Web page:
Energy Pragmatism and Ways Forward: Private Equity Giants All-In on Multiple Paths to Net Zero

March 27, 2024
There’s been a lot of talk about losing the way on the road to net zero. At the same time, big money is still squarely aimed at carbon-free energy projects worldwide.

One of the bigger fish in the energy transition ownership ocean has voluntarily been swallowed by an even bigger fish. Does that mean that, despite turbulent waters currently trying to flood the path, the world’s richest investors are still banking on the clean energy future?

The cast of smart money seems to be saying yes.

Recent news like the World Meteorological Organization’s discouraging report on climate change factors, or rising electricity demand outpacing renewable installation, has put a damper on the optimism once expressed by the energy transition’s leading lights. In the U.S., the Inflation Reduction Act has spurred billions in new microgrid, renewable energy and electrification investment, but contrary economic and political headwinds are worrisome, too.

Microgrid Knowledge 2024 features Special Session on the IRA Impacts

MGK also covering EV Charging, University projects and more

April 22-24 in Baltimore

There’s been a lot of talk about losing the way on the road to net zero. At the same time, big money is still squarely aimed at carbon-free energy projects worldwide.

On the microgrid side, numerous global-scale funds have taken major stakes in microgrid development. The Carlyle Group is in a joint venture with Schneider Electric on public microgrid developer AlphaStruxure, while Warburg Pincus has invested in Scale Microgrid Solutions.

Earlier this year, Global Infrastructure Partners announced it had agreed to be acquired by private investment giant BlackRock in a $12.5 billion cash and stock deal. The combination of GIP and BlackRock’s existing infrastructure division will create a $150 billion business focused partially on energy infrastructure investment.

In addition to owning airports, data centers and conventional power plants, GIP’s investments also include several renewable energy platforms such as Atlas Renewable Energy, Bluepoint Wind, Clearway Energy and Competitive Power Ventures (CPV).

Among those energy investments are several companies focused on natural gas cogeneration or split between conventional and renewable energy aims, such as Clearway and CPV.

For its part, BlackRock has invested more than $170 billion in U.S. public energy companies and startups. In his annual letter to shareholders released this week, BlackRock co-founder and CEO Larry Fink defined the energy transition as a “mega force” economic trend driven by nations which comprise 90% of the world’s gross domestic product.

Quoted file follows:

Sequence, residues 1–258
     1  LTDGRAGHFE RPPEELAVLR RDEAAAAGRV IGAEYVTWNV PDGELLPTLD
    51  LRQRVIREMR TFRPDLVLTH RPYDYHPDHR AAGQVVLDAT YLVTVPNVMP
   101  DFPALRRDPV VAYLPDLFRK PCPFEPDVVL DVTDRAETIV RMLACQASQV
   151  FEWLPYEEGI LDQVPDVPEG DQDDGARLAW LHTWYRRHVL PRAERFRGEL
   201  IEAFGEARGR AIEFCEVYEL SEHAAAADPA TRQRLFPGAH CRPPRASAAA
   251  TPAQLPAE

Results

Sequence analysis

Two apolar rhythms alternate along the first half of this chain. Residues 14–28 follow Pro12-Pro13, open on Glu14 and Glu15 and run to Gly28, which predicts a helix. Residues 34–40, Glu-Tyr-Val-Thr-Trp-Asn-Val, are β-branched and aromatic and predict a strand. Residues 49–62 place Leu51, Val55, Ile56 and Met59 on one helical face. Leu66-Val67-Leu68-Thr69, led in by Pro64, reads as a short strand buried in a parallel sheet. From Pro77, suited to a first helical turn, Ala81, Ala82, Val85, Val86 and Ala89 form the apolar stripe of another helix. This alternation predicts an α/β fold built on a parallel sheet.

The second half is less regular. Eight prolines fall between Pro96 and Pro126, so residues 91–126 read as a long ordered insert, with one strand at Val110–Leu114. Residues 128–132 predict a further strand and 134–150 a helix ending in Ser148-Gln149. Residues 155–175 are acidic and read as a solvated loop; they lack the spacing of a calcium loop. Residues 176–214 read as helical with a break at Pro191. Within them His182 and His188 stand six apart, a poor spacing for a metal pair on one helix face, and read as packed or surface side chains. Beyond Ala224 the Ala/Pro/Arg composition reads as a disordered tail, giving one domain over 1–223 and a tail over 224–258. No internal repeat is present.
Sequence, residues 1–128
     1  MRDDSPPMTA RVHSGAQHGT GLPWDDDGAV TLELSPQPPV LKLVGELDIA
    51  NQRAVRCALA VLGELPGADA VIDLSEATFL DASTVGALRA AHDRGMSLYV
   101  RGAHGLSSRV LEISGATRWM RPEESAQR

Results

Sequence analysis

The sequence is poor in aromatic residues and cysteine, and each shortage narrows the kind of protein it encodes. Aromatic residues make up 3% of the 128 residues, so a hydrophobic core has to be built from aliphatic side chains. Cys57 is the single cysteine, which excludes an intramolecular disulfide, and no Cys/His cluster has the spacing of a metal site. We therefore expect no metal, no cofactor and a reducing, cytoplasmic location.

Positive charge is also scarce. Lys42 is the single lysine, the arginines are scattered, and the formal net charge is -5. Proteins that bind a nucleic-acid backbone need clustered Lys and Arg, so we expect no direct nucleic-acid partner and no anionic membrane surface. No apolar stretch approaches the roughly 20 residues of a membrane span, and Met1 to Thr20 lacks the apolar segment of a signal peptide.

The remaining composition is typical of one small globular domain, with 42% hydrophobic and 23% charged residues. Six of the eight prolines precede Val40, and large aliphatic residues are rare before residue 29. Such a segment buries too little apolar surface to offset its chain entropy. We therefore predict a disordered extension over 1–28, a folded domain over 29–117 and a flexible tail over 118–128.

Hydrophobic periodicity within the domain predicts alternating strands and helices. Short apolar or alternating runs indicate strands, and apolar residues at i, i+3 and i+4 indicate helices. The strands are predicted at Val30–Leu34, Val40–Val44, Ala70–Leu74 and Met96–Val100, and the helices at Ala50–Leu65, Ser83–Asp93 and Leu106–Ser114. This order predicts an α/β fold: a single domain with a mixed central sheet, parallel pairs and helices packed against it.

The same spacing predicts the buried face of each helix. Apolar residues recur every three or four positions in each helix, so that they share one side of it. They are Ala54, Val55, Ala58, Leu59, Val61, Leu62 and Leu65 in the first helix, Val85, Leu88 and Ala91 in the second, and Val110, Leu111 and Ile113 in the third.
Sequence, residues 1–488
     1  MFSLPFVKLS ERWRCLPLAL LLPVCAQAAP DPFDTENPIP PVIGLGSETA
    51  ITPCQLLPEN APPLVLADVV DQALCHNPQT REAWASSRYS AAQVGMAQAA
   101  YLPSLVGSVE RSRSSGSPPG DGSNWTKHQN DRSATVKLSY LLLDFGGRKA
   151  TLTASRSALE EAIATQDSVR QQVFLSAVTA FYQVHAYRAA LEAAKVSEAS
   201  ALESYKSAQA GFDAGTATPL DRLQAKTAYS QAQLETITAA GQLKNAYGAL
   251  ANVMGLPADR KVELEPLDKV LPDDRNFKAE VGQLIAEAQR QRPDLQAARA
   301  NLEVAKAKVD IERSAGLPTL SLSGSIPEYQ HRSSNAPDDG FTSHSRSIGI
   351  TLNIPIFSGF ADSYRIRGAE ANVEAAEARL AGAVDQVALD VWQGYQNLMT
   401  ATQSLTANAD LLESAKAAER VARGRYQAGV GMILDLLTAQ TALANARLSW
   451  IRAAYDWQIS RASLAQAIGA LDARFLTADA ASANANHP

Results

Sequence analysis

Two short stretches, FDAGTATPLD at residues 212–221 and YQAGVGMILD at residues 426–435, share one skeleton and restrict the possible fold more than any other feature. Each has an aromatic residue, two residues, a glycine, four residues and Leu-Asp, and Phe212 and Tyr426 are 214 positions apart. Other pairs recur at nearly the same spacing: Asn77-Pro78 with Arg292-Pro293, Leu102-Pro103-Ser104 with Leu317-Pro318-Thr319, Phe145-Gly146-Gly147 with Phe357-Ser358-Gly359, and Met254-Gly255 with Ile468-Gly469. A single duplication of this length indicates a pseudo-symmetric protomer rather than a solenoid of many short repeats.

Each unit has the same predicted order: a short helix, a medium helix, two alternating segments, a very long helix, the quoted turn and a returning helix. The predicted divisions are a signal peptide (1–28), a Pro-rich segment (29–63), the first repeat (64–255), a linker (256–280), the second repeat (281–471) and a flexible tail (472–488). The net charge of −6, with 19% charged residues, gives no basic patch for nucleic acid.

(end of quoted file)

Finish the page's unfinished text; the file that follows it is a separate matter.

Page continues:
Earlier this year, BlackRock announced that one of its massive renewable power investment funds was paying $200 million for a solar company, Enviria, based in Germany. The firm also has invested $50 million in off-grid solar, often a centerpiece of microgrid development.

Energy pragmatism: Adaptability is key to transition future

For all of these moves, there are some clouds on the proverbial horizon. Fink acknowledged, for instance, that the issue of an energy transition from fossil fuels to renewables has been more contentious in the U.S. both politically and economically.

His new term for the future is “energy pragmatism,” influenced by recent events such as Russia’s invasion of Ukraine driving the cost of natural gas and other fossil fuels dramatically higher for a period. In Ukraine, solar microgrids have been deployed quickly to help the nation deal with power outages from Russian bombing attacks.

Energy pragmatism, despite contentions that it is a backward move, can still be a path to decarbonization, Fink wrote. It just involves some level of compromise and adaptability.

“Germany is a good example,” Fink wrote. “It’s one of the countries most committed to fighting climate change and has made enormous investments in wind and solar power. But sometimes the wind doesn’t blow in Berlin, and the sun doesn’t shine in Munich.  And during those windless, sunless periods, the country still needs to rely on natural gas for dispatchable power."

The Lone Star State embracing energy pragmatism on all fronts

Texas, meanwhile, likes to consider itself a whole other country, a reference to its status between independence from Mexico and joining the U.S. The Lone Star State is proud of its historical legacy as a global center for oil and gas—the Permian Basin is a hotspot for drilling operations—but it also gains 28% of its electricity from renewable energy, far more than any other state.